FARMINGDALE, N.Y. - It would, of course, go down as one of the ultimate stories ever: Phil Mickelson finally wins the U.S. Open, in front of his adoring New York fans, as his wife Amy watches from their home in San Diego while she prepares to begin her treatments to beat breast cancer.

And it could still happen.

The second-best golfer on the planet, who has finished second in the last three Big Apple Opens including the previous one at Bethpage Black in 2002, carded a third-round 69 yesterday, a round that began on Saturday, to get to 2-under par 208 for the championship.

That left him in a three-way tie for fifth after 54 holes with Mike Weir and Hunter Mahan, six out of the lead.

By the time the fourth round was suspended due to darkness, he had played two more holes and added as many pars. But now he is only down five.

"I feel like I'm only 18 good holes away," said Lefty, who won the 2005 PGA that carried over into Monday at Baltusrol in North Jersey. "I feel like if I get a hot round going, I can make up the difference. You just never know.

"I don't care when we play the [final] 18 holes, as long as we play them. Having won [three] majors, I feel confident and I'm able to be patient much easier in a challenging event like this."

There's no doubt whom the galleries will be pulling for. With every bellow.

"It's awesome," he said. "The people here [have been] just incredible. They're a lot of fun. It made the whole round so enjoyable, the whole week. I've heard some great, great lines. You know, the best ones I can't even repeat. But they keep us laughing . . .

"I've been there when I'm trying to protect the lead, and I've been there where I'm trying to mount a charge. Obviously having a lead is the best spot to be in. But there are a lot of birdies on the golf course, and a lot of bogeys and doubles as well.

"If myself or some other guys [in my situation] can get a hot hand, the emotion of the event, the momentum, can change."

Maybe even in one of those Gotham minutes.

Tiger's still around

Tiger Woods authored quite a story himself last June by winning on one leg at Torrey Pines. And he won the second of his three Open titles here 7 years ago. But this is the one major he has never won back-to-back; only one man has since 1951 (Curtis Strange, 1988-89).

If only he hadn't played the final four holes of his opening round in 4-over. But he did. After a third-round 68, he played seven holes of his final round in 1-under, starting with a bogey and closing with a birdie. So he is at even par. That's a lot of ground to make up, especially for someone who never has rallied to win a major in the last 18 holes before. But probably not impossible.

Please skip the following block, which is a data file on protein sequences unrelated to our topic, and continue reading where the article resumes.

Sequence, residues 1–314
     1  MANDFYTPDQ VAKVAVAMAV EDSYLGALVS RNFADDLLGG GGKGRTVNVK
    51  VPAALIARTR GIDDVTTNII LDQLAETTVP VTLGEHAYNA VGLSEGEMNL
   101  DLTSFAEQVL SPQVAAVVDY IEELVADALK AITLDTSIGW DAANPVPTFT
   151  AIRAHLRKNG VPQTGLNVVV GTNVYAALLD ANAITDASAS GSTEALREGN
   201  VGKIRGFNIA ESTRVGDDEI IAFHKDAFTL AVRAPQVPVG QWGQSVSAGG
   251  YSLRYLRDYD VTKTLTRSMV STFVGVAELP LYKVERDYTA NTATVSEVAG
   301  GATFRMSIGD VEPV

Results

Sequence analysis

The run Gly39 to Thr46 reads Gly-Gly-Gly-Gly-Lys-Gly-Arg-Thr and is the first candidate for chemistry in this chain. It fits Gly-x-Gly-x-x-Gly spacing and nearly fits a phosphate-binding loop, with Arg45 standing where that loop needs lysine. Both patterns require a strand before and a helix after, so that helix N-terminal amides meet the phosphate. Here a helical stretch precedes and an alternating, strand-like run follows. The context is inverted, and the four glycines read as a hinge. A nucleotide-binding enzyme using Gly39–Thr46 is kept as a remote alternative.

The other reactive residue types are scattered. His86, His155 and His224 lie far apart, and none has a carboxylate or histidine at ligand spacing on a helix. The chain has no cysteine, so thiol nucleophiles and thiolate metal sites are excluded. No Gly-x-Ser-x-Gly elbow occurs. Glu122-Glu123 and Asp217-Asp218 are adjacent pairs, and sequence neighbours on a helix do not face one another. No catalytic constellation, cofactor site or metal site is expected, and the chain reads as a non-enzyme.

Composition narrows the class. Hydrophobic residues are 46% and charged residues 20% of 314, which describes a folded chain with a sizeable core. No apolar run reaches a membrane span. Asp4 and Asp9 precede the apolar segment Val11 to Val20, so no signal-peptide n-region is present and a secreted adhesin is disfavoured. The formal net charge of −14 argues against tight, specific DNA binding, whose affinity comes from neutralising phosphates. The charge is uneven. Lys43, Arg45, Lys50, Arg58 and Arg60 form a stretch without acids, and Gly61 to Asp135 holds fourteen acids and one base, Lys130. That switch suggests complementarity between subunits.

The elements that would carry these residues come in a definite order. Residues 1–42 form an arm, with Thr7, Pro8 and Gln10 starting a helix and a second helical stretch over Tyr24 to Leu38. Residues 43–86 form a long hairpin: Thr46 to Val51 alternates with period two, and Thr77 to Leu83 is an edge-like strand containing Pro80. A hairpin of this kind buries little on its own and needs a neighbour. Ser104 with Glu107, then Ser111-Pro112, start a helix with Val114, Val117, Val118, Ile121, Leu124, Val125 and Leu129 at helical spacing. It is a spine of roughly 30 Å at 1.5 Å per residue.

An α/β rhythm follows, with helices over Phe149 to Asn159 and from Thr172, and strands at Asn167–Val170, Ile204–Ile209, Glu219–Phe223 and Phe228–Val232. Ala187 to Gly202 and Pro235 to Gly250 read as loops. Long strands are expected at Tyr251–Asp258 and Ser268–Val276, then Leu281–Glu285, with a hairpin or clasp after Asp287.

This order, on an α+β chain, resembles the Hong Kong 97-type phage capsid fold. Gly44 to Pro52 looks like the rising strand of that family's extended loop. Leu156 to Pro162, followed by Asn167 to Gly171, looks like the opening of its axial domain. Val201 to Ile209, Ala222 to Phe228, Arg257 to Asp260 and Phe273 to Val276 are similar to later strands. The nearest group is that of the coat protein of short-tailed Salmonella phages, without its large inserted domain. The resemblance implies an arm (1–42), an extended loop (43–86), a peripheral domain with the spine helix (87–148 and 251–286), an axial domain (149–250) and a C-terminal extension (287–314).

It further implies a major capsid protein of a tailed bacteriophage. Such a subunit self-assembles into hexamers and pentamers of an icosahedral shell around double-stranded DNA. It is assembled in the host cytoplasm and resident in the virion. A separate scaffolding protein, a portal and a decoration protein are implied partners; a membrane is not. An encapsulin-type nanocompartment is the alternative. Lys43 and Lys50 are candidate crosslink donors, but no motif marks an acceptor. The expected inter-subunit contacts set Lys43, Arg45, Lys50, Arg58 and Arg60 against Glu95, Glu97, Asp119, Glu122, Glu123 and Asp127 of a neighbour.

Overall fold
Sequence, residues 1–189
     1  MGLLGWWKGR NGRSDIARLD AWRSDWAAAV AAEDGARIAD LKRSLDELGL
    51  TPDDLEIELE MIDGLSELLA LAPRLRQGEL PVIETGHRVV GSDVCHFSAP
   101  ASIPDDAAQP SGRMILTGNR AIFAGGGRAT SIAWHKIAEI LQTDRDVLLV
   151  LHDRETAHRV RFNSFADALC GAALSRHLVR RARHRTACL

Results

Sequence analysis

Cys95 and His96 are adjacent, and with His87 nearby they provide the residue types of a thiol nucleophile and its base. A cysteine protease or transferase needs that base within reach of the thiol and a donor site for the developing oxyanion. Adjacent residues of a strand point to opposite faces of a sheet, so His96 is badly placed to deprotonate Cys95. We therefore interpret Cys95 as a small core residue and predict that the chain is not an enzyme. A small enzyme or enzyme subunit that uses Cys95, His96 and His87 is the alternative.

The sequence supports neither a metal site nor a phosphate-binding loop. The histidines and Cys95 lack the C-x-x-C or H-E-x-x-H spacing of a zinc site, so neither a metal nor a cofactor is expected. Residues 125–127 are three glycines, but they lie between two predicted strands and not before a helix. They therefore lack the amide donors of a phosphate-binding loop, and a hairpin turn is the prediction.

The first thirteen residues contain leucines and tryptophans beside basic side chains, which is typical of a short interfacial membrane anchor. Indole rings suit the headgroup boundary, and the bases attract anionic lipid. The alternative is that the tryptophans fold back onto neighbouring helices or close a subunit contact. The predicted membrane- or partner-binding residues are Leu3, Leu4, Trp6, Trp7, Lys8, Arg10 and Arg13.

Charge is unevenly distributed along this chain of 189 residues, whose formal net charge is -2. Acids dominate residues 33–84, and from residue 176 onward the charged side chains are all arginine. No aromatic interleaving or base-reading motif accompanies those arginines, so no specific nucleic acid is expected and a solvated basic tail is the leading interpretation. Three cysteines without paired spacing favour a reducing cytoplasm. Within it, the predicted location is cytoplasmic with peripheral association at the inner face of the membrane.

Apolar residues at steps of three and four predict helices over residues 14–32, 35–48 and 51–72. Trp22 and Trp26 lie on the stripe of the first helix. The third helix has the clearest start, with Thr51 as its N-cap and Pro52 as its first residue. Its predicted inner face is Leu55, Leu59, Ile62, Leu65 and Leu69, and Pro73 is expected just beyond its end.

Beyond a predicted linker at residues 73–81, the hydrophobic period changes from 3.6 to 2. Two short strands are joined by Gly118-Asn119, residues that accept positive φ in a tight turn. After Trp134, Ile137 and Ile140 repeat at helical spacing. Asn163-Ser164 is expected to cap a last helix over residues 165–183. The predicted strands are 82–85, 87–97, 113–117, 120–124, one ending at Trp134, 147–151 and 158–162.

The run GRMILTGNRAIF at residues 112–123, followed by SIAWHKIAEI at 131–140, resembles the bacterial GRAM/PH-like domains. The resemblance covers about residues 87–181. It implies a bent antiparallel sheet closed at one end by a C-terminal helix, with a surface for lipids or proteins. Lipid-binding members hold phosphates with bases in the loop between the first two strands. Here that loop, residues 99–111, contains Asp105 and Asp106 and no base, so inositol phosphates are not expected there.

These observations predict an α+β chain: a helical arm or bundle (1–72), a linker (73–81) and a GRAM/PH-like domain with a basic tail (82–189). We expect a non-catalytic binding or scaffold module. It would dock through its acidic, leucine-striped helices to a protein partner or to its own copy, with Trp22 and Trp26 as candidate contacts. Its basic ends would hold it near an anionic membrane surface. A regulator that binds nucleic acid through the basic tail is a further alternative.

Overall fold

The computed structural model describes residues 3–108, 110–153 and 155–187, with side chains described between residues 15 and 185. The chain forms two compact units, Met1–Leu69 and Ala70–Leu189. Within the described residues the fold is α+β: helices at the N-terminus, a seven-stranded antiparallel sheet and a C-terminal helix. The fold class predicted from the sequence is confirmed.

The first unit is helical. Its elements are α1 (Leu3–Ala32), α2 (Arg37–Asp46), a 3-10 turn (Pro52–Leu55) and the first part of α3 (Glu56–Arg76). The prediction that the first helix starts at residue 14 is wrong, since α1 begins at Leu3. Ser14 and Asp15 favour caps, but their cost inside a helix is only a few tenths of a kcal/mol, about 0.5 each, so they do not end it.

"It's one of those where you have to play a great round of golf and get some help," he said, correctly, after his third round. "Obviously it's not totally in my control. That [first-round] finish put me so far back, I had to try and make up shots the entire time. I've hit the ball well enough to do it, but just haven't made the putts. I've been burning the edges, just haven't got it right yet . . .

"We can't even remember what day we're playing [right now]. It just all blurs together."

Still awaiting the big news

In April, West Chester's Sean O'Hair had his best finish in a major, a tie for 10th at the Masters. And he won his third PGA Tour event in his next start.

He was back in the mix at his third U.S. Open. A third-round 71 put him in a tie for eighth, at 1-under. But he played four holes in the fourth round in 2-over, with a birdie, bogey and closing double at the par-5 fourth.

His wife Jackie is back home with her family, resting in bed, as she awaits the birth of the couple's third child.

"She's fine," O'Hair said between rounds. "I'm a little bit surprised [it hasn't happened yet], actually. I'd like to be there. I hope she can hang in there one more round."

Her due date is Wednesday, but their second child was born a week early.

"We'll get to that when we get to that," he smiled. "We'll see."

It's been a week of distractions. Yesterday he arrived at the course early only to find out that play had been pushed back until noon. So he went back to the hotel and got some sleep.

"There's nothing you can do about it," he said. "I might as well not let it bother me. It is what it is. It's like [the movie] 'Groundhog Day.' It's the same day over and over and over again." *